PE HUB Wire Highlights, 7.8.19


Eric Saucedo, private equity, suicide, mental health, Tricap Partners, National Alliance for Mental Illness
Private Equity Editor Chris Witkowsky reflects at home. Photo by Wendy Witkowsky

Factory floor to private equity manager: a first-time funds story

Happy Monday!

This is Chris, on the Wire today and tomorrow for Luisa, who is on vacation.

What do you have going this week? What kind of drama is going on out there this summer?

First-timers: Our annual first-time funds feature is out this morning. Here’s some snippets from the article. Check out the full piece, including our list of 65 or so first-time funds in market, here:

How do you go from a job installing bumpers at a Toyota factory in Kentucky to managing hundreds of millions of dollars for a private equity fund?

It’s a compelling story, and one that John Stewart is happy to share when he talks to limited partners. It flows nicely into his pitch for emerging manager MiddleGround Capital: As experienced operators at manufacturing companies, Stewart and his two partners can honestly tell would-be portfolio companies: “We understand the problems that face employees working in industrial businesses.”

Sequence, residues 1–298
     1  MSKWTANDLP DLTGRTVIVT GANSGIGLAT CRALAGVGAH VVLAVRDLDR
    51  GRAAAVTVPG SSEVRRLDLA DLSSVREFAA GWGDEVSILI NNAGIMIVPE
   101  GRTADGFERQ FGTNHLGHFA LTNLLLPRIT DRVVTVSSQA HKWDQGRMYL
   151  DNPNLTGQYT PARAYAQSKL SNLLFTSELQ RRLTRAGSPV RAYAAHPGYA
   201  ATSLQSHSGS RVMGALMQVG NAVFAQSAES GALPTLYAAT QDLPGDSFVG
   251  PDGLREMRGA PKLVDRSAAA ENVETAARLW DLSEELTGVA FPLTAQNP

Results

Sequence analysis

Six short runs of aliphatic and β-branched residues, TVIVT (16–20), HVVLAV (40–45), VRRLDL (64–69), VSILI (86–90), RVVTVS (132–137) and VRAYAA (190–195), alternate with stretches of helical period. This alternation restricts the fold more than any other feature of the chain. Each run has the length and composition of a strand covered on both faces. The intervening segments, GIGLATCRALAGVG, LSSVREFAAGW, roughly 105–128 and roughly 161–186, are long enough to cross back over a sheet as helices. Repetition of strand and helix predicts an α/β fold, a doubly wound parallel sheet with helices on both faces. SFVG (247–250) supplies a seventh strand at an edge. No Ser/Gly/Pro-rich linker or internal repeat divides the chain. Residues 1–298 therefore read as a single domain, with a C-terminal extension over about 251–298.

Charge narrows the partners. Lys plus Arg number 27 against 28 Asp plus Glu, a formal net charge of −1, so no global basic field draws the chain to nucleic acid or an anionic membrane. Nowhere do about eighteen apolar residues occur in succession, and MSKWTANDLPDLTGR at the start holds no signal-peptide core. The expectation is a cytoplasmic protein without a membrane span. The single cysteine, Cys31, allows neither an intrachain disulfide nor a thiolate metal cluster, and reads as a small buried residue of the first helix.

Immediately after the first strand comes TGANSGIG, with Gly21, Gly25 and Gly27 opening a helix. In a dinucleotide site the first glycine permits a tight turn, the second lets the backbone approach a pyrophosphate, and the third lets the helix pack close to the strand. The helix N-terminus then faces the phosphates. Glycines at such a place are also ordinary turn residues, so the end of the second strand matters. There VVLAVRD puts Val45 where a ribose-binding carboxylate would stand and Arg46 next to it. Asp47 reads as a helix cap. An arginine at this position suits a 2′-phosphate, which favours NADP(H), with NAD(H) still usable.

Just getting an LP’s attention, especially for a first-time fund manager, is hard. So it helps when you have an interesting story to tell, like Stewart, co-founder of MiddleGround. Prior to forming MiddleGround, Stewart spent more than a decade at Monomoy Capital Partners.

Stewart’s professional career started on the shop floor of a Toyota plant. He began as an hourly worker on the second shift, installing bumpers on the Toyota Camry. From there, he completed an undergraduate degree through a program offered by Toyota and rose through the ranks of the organization. Along the way, he learned a lot from the Japanese mentors the company brought in to work with the American workforce.

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